What does it mean to be an open education practitioner?

Given the breadth of activities and approaches that open education practice encompasses, it’s hardly surprising that OEP is highly contextual.  That is, it depends on the individuals engaging in that practice, both teachers and learners, it depends on their context, e.g. within the academy, within their communities and within society more widely, it depends on their lived experience of education, and it depends on their position in relation to privilege and power, or lack thereof.

Open Practice Case Studies

These short case studies illustrate how colleagues engage with open education practice around the University. The first thing to be aware of is that you don’t need to be a teaching academic in order to be an open education practitioner.  We all participate in and contribute to the process and practice of higher education, and there are many different ways that open practice can manifest in our work.

Dr Tim Fawns, Fellow in Clinical Education, Edinburgh Medical School

I teach on an online postgraduate programme in clinical education. I mix open and closed practice in a range of areas. For example, I almost always use creative commons images with attribution in presentations (which I then share with attendees and related networks), (closed) virtual learning environments, on my research blog (open to the public but hosted by a private company), and course blog (open to public but with a closed cohort of students as authors). I use Twitter to disseminate research and academic writing, which I publish as either open access (in journals or blogs) or not, depending on what I am trying to achieve. I am yet to pay to publish open access. Where I produce materials, sometimes I remember to attach a creative commons licence so that others can use them and sometimes I forget. For me, decisions about open educational practices come down to the context and purpose of what I am doing, who else is involved, and how much time and head space is available.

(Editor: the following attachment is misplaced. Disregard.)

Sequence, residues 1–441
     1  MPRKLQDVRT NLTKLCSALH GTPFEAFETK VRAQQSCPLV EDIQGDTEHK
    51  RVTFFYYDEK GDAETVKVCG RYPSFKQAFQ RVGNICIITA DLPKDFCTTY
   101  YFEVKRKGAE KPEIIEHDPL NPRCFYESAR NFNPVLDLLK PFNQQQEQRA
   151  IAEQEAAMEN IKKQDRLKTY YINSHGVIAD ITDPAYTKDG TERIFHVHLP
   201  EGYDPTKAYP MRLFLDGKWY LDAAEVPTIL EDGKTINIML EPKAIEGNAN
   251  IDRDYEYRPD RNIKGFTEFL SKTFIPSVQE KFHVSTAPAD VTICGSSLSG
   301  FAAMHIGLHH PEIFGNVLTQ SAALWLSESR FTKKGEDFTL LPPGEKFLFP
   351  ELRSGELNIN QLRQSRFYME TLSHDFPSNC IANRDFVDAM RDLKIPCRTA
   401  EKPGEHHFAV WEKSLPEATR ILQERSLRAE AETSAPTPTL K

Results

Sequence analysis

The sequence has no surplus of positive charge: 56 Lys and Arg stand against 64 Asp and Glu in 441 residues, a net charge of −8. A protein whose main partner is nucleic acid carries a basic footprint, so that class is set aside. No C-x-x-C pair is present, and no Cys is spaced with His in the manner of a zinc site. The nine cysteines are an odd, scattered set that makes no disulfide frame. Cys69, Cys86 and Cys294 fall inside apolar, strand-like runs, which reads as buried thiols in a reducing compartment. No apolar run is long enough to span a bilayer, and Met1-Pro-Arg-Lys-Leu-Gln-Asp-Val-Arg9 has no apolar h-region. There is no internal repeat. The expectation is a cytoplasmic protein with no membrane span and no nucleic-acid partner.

Francesca Vavotici, Gender and Equality PhD Intern, Centre for Research Collections

Even though my work is mainly based on archival sources and documents, I do believe it also requires a great deal of involvement in open education initiatives and practices. In fact, a large portion of my job is geared toward identifying photographic materials that would be appropriate for digitisation and release under open licence, to be used for both academic and non-academic educational purposes. I have myself been engaged in projects specifically invested in utilising these newly released images, and I have personally run an International Women’s Day event whose aim was that of employing these open source materials to raise awareness of diversity and gender equality within the University of Edinburgh. I maintain a blog under a University of Edinburgh domain, where I share more archival stories and release additional images, again under an open source licence whenever possible. I also seek to make use of these stories to contribute Wikipedia entries for underrepresented groups.

Dr Naomi Appleton, Senior Lecturer in Asian Religions, School of Divinity

I have always been committed to the idea that everyone should have access to the broadest possible scholarship. I have blogged on my own WordPress site since 2012, and use that space to share my experiences of academic life, and reflections on teaching and research. I also post research notes, draft translations and other resources for the use of colleagues and students. In addition, I have been involved in projects creating open educational resources for school teachers of religion. These resources, hosted by the School of Divinity and Open.Ed, were designed in collaboration with teachers, and have been made available for free. I hope to create many more open access materials in future.

Anne-Marie Scott, Deputy Director of Learning Teaching and Web Services

I try to share what I do via my blog and I use a Creative Commons license to allow what I write to be syndicated to a number of other openly licensed blogs. I run Wikipedia editathons and make contributions to Wikipedia, Wikidata, and Wikimedia Commons. I use Twitter regularly to share my practice, engage with colleagues, and discover new resources. When I work with commercial suppliers I advocate for release of as much material as possible under open licences. I also serve on the Board of the Apereo Software Foundation, a not-for-profit organisation who steward a number of open source software projects specific to education. I advocate for the use of open source software in education, support my team to release their work as OSS where possible, and champion various organisations who support this aim (ESUP-Portail, OpenETC etc). I’ve embraced open educational practices outside my institutional work too, most notably around the work I do for the Mansfield Traquair Trust where I’ve used Wikimedia projects to share resources openly about a building at risk.